For Dr David Joske, some of his earliest memories involve playing on the UWA grounds. With his father the Dean of the Medical School, and his mother a Masters student and teacher in humanities, Dr Joske spent a bit of time on campus as a child, a connection that continues to this day.
Graduating from UWA in 1983 with a Bachelor of Medicine and a Bachelor of Surgery, Dr Joske, now a Clinical Haematologist and Medical Co-Director at Sir Charles Gairdner Hospital, has dedicated his career to cancer care and helping those with the disease.
In 2001 he established SolarisCare which offers free complementary therapies and support to cancer patients and this year won EY’s (WA) Social Entrepreneur award for this work.
“Although excellent resources have long been available to treat cancer medically, it became clear to me that the emotional and supportive care needs of cancer patients and their families were often overlooked.
“So SolarisCare was born – a drop in centre in Sir Charles where cancer patients could receive free support and advice and supervised complementary integrated therapies that would support their mainstream treatment.
“It was a radical idea at the time, and still is in some respect. But the idea has continued to grow and over the last 15 years we have opened three additional clinics in Albany, Bunbury and St John of God,” he says.
Dr Joske says the clinics are filling a role that had traditionally been ignored by mainstream medicine.
“In addition to the conventional treatments I was prescribing, I knew my patients were trying alternative therapies, but didn’t want to talk to me about it as they feared a negative reaction.
“This wasn’t the best environment for patients whose lives had quite literally been turned upside down, and I wanted to find a way to support them better on their journey,” he says.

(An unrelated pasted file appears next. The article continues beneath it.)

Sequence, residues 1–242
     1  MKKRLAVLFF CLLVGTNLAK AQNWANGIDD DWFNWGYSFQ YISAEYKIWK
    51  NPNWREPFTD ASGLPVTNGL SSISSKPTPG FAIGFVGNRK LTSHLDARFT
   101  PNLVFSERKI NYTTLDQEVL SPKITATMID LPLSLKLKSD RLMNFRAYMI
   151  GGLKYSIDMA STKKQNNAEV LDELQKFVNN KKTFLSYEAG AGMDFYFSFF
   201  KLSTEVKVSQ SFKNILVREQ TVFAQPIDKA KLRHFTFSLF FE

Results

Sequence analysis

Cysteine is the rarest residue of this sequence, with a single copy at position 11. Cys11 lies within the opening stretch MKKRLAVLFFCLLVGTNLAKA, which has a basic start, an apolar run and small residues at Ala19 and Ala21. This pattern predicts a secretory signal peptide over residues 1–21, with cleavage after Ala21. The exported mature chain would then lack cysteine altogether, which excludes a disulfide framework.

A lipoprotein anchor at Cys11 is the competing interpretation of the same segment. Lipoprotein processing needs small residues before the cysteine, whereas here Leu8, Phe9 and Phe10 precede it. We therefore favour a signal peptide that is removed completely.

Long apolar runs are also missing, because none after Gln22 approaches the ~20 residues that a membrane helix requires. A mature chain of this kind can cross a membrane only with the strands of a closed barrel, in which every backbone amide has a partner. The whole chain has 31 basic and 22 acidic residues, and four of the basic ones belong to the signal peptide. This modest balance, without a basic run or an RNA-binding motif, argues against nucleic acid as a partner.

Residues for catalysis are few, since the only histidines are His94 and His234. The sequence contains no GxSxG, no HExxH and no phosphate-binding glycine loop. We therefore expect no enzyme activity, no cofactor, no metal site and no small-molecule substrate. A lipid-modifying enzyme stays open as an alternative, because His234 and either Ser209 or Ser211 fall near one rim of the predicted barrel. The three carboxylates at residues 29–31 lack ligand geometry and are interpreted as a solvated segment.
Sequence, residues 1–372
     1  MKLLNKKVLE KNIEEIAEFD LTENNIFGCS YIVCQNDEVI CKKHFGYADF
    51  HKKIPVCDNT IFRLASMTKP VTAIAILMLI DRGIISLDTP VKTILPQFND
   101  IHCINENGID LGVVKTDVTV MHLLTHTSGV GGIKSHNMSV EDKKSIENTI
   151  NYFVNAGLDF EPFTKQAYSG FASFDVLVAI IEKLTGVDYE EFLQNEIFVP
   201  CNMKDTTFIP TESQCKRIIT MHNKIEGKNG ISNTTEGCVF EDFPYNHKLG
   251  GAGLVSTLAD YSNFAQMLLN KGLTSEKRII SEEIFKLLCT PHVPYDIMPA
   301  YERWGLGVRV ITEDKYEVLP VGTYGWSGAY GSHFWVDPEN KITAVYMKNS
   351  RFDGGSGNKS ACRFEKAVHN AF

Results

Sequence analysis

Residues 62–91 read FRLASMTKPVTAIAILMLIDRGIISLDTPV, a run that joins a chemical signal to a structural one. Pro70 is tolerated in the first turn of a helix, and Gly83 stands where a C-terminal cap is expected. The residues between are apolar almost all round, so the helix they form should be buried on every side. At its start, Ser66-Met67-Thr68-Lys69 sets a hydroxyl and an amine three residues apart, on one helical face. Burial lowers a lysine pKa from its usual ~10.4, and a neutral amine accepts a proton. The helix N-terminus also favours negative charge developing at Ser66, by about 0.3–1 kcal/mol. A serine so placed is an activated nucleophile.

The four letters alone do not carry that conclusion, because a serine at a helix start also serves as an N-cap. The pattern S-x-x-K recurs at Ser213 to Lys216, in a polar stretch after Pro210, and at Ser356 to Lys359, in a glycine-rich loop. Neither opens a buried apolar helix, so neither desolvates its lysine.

Since SolarisCare opened its doors, Dr Joske and his team have treated over 10,000 people and the clinics have played a pioneering role in integrated oncology.
“I copped a bit of flack, there are still a lot of people around who do not believe that alternative – or to be more accurate, complementary therapies have a place in cancer treatment, but I know through the feedback of our patients that we are helping.
“We aren’t trying to claim cures, but we can play a role in changing a patient’s mindset and help empower them as they battle this disease.
“My favourite piece of feedback I’ve heard is ‘If I were a cat I’d purr’. Our role is to help them get on top of their situation, and we know we can improve their quality of life.”
Dr Joske says the clinic operates mainly through fundraising and the long-term future relies on research that proves the benefit of complementary treatments which is much easier said than done.
“It’s hard to get medical evidence that proves the value of a massage for example, however the research community is working on this. It’s a challenge but we’re getting there,” he says.
Watch Dr Joske’s TEDxPerth talk ‘Bringing humanity to healthcare’.